Euro 2022UEFA Women's EURO England 2022
The UEFA Women’s EURO 2022 tournament held in England is the largest women’s sporting event in European history.
The opening game of Euro 2022 has kicked off at Old Trafford, The Theatre of Dreams itself. Leaving no doubt that this is the largest women’s sporting event in European history. And will remain so for at least four more years in all likelihood.
Popularity of the women’s game in 2022
The Lionesses, the host team for the Women’s Euro 2022 tournament. And they played Austria in that opening game. In front of a crowd of 68,871 who watched England win 1-0. In contrast the average attendance for a Premier League football game in 2018-2019 was 38,181.
And the average attendance at Old Trafford itself for a Manchester United home game is 72,992. A mere 4000 people more. For arguably the most successful football team of modern times in the most widely supported League world-wide.
In addition even Trafalgar Square has been transformed into a Women’s Euro 2022 Fan Zone this month.
Impressive? Perhaps, but looking at the wider picture, perhaps not.
You see Barcelona Femeni have set consecutive world records for the highest attendances in Women’s football. Earlier this year at Camp Nou 91,648 fans were in attendance to watch the Catalans play VfL Wolfsberg.
The Lionesses own record attendance was set at Wembley Stadium in 2019 when they took on Germany. Glossing over the 2-1 defeat for a moment 77,768 fans were in attendance for this game.
And that isn’t even the highest attended Women’s football match played on British soil. That accolade goes to the 2012 Olympics final. Played between the US and Japan which was enjoyed live by 80,023 fans.
Demand for tickets to watch Women’s football has never been higher. And the popularity of the sport is seemingly growing exponentially.
But Has Euro 2022 sold the women’s game short?
All that being said the opening game at Old Trafford is the only game to be played there this tournament. And you might forgive some tournament fans for not recognising many of the other venues.
Especially with the only equally prestigious ground to host a Euro 2022 being Wembley stadium. Which itself only hosts the final game to decide the winner of the tournament. The average capacity for a football ground hosting a game is just 33,000.
Where are the Euro 2022 games being played?
Wembley Stadium in London (89,000 capacity)
Old Trafford in Manchester (74,000 capacity)
Brentford Community Stadium, London (17,000 capacity)
Brighton and Hove Community Stadium (30,000 capacity)
Manchester City Academy Stadium (4,700 capacity)
Stadium MK in Milton Keynes (30,000 capacity)
New York Stadium, in Rotherham (12,000 capacity)
Bramall Lane, Sheffield (32,000 capacity)
St Mary’s Stadium, Southampton (32,000 capacity)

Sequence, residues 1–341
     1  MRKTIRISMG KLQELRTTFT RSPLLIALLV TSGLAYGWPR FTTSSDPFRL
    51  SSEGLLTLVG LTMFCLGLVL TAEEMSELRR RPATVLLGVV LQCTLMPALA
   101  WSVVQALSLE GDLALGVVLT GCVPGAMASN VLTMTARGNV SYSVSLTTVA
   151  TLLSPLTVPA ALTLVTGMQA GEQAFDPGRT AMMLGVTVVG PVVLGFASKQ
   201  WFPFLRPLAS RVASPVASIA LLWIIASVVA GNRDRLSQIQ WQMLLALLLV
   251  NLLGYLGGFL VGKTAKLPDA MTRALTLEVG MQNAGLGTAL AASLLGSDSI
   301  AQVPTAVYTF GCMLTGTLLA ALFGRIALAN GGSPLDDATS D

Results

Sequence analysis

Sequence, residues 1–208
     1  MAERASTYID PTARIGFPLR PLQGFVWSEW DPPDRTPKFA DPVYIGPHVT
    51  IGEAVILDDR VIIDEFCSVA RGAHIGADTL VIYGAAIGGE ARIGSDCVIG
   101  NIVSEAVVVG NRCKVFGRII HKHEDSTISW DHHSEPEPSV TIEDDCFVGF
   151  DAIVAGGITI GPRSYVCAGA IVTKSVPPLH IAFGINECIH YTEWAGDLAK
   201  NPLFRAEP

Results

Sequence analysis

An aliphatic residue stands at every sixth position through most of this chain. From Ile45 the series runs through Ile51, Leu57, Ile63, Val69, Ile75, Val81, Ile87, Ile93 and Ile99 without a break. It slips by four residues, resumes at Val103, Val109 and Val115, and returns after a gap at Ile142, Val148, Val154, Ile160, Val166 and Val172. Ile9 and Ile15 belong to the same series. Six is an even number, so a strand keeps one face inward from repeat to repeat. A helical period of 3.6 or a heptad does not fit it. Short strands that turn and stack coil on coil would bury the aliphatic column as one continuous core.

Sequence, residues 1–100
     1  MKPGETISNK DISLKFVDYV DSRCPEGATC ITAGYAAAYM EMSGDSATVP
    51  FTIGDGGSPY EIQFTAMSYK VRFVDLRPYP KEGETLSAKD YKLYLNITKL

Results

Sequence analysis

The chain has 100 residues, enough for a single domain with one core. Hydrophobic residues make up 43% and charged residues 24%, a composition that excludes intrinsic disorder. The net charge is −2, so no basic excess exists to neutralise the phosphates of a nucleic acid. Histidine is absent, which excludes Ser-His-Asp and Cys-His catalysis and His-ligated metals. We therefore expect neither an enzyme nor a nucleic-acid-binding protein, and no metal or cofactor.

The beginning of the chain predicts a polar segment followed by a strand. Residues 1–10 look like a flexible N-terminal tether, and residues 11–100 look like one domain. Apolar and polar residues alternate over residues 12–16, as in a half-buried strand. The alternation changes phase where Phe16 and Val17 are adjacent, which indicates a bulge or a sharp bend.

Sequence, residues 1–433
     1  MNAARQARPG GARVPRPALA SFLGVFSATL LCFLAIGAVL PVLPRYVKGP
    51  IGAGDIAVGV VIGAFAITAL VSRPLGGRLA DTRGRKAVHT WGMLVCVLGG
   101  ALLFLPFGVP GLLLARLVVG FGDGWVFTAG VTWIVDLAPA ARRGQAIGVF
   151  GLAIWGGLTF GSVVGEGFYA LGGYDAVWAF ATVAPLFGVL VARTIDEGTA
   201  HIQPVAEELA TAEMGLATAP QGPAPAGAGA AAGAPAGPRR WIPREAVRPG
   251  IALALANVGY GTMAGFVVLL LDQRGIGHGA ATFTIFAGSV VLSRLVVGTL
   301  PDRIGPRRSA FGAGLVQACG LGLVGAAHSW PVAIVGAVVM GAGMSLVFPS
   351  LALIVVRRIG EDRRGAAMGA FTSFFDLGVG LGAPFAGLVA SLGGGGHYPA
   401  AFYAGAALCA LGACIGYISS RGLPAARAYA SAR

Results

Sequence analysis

Leigh Sports Village in Leigh (12,000 capacity)
With the exception of Wembley Stadium and Old Trafford no venue selected for Euro 2022 has a capacity over 32,000 people.
The Manchester City Academy Stadium only holds 4,700 people. Therefore it could be argued its inclusion is insulting to the Women’s game and Euro 2022.
The real shame?
The real shame for this years tournament is that while we used the terminology ‘selected venue’, no venues were actually selected!
All stadiums and football venues within England had the opportunity to tender to host a match this Euro 2022. But sadly the take up on such an opportunity was lower than hoped.
Mark Bullingham (FA chief executive) explained last month;
“The absolute truth of it is we did a tender process throughout every major ground and city in the country and there were very few that came forward in wanting to host the Women’s Euros,”
In fact as told by the FA, who by the way began the process of organizing Euro 2022 way back in 2019. Venues had to be persuaded to be part of Euro 2022 and no one was exactly beating down the FAs door to host.
Hope for women’s football now and in the future
Lots has been said about the Women’s game and its future. From informed, rational pieces by Alex Scott a veteran of the game. To frankly quite foolish remarks by the likes of Lord Alan Sugar.
Euro 2022 is in full swing and the future of the game does look bright. In the context of Euro 2022 and tournament football at least.
Popularity of Euro 2022 has taken venues and the media by surprise. Though why it is such a surprise itself is disappointing. And if the FA were to organise a Women’s football tournament today you can be sure venues would be fighting for inclusion.
Even before a ball had been kicked in the opening game 500,000 of the available 700,000 tickets for seats had already been sold. A record for the Women’s Euros.
But the sport and the players are much more than just one tournament. To learn more from inside the game Alex Scotts BBCs film The Future of Women’s Football now is on iPlayer today;